Extended dot notation (pick notation) proposal

Isiah Meadows isiahmeadows at gmail.com
Thu Sep 29 01:15:48 UTC 2016


I'm just saying those references still exist, and ignoring them will lead
you into more problems than this would solve. First, my above workaround
would likely be the desugaring in V8. You *could* optimize it by creating
the actual object and assigning the properties as they come from the
object, but that's also a valid optimization for engines to make today with
my workaround. Also, most other optimizations are equally permissible with
both syntax and my equivalent workaround.

And this isn't C: unless you're using those references, JS engines will
clean them up automatically, anyways, because of their garbage collection.
My workaround produces 0 more required object references than what the
engine needs.

As you can see, I'm generally against this.

On Tue, Sep 6, 2016, 10:09 Kris Siegel <krissiegel at gmail.com> wrote:

> Internal is fine as someone from, say, the V8 team can clean up the
> references. Making the developer do it? In my experience good luck 🙂.
> Naturally it won't likely matter much unless it's hanging onto a DOM
> element or some extent resource but still.
>
> On Sep 6, 2016 6:19 AM, "Isiah Meadows" <isiahmeadows at gmail.com> wrote:
>
>> > Isiah's workaround works but has the unfortunate side affect of copying
>> values / increasing reference counts to objects. I'd love to see a built in
>> solution.
>>
>> You'd have to do that anyways, even if it's entirely internal. How do you
>> think you would do it outside of copying the values?
>>
>> On Mon, Sep 5, 2016, 19:45 Kris Siegel <krissiegel at gmail.com> wrote:
>>
>>> Hmm I gotta say I must have re-read that minimally extended dot notation
>>> proposal a few times and I just find the syntax confusing. I do like the
>>> idea of building a way of taking a portion of an object out of one object
>>> and into another but I don't think we need to provide additional syntax
>>> rules to handle this. Why couldn't this be an Object.pick() addition where
>>> it works similar to the underscore implementation? It could even be
>>> expanded to handle deep nesting (I'm actually adding this to my msngr.js
>>> library in the next release as grabbing a subset of an object is crazy
>>> useful and I need to do it far too frequently).
>>>
>>> Isiah's workaround works but has the unfortunate side affect of copying
>>> values / increasing reference counts to objects. I'd love to see a built in
>>> solution.
>>>
>>> On Mon, Sep 5, 2016 at 2:38 PM, Isiah Meadows <isiahmeadows at gmail.com>
>>> wrote:
>>>
>>>> TypeScript has a fair number of proposals aiming to address this
>>>> (things like difference types, partial types, etc.), but in general, I find
>>>> it just as easy to do it this way (which is easily checked):
>>>>
>>>> ```js
>>>> const {toDate, fromDate, location, flavor} = this.state;
>>>> const goodKeys = {toDate, fromDate, location, flavor};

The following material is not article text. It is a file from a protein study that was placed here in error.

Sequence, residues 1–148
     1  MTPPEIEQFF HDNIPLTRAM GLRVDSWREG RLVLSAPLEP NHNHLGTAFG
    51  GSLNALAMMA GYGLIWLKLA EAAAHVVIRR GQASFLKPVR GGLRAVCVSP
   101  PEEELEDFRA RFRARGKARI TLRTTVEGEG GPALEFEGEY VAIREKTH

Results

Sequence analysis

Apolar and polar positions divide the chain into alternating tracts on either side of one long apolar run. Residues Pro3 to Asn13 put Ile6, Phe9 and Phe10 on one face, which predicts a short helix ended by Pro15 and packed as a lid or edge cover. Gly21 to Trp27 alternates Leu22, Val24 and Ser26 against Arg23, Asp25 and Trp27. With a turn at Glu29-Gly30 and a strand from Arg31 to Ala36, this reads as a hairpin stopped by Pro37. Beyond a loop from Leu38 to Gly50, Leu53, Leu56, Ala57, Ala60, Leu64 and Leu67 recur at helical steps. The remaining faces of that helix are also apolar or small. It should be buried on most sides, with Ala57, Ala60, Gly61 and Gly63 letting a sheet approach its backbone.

>>>> ```
>>>>
>>>> On Fri, Sep 2, 2016, 16:08 Bob Myers <rtm at gol.com> wrote:
>>>>
>>>>> Here's another StackOverflow question
>>>>> <http://stackoverflow.com/questions/39299046/destructuring-a-subset-of-an-object-directly-into-a-new-object>
>>>>> essentially asking for pick notation. This same question pops up regularly.
>>>>> It's the real world talking to us telling us what they need. In this
>>>>> particular case, the solution with extended dot notation would just be
>>>>>
>>>>> ```
>>>>> var goodKeys = this.state.{toDate, fromDate, location, flavor};
>>>>> ```
>>>>>
>>>>> Perhaps I have not posted the minimal version of my proposal for this
>>>>> pick notation
>>>>> <https://github.com/rtm/js-pick-notation/blob/master/minimal/spec.md>,
>>>>> also known as extended dot notation.
>>>>> This version sacrifices some features in favor of complete
>>>>> compatibility with existing destructuring syntax following the dot.
>>>>>
>>>>> There is another good reason these days for thinking about something
>>>>> about this: *the advent of typed dialects of JS*.
>>>>> We already know that a simple lodash-type version of pick, such as
>>>>>
>>>>> ```
>>>>> function pick(o, keys) {
>>>>>   return Object.assign({}, ...keys.map(key => ({[key]: o[key]})));
>>>>> }
>>>>>
>>>>> const o = {a:1, b: 2};
>>>>> const o2 = pick(o, ['a']);
>>>>> ```
>>>>>
>>>>> cannot handle renaming or defaults or deep picking, but in addition *it
>>>>> cannot also not be typed properly*.
>>>>> For instance, `lodash.d.ts` defines `pick` as:
>>>>>
>>>>> ```
>>>>> pick<TResult extends {}, T extends {}>(
>>>>>   object: T,
>>>>>   ...predicate: (StringRepresentable|StringRepresentable[])[]
>>>>> ): TResult;
>>>>> ```
>>>>>
>>>>> with no type safety whatsoever.
>>>>>
>>>>> In contrast, with pick notation
>>>>>
>>>>> ```
>>>>> const o2 = o.{a};
>>>>> ```
>>>>>
>>>>> `o2` can be precisely typed by the compiler as an object containing
>>>>> the property `a`, or a type compatible or assignable to that type.
>>>>>
>>>>> --
>>>>> Bob
>>>>>
>>>>>
>>>>>
>>>>>
>>>>>
>>>>>
>>>>>
>>>>> _______________________________________________
>>>>> es-discuss mailing list
>>>>> es-discuss at mozilla.org
>>>>> https://mail.mozilla.org/listinfo/es-discuss
>>>>>
>>>>
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>>>>
>>>
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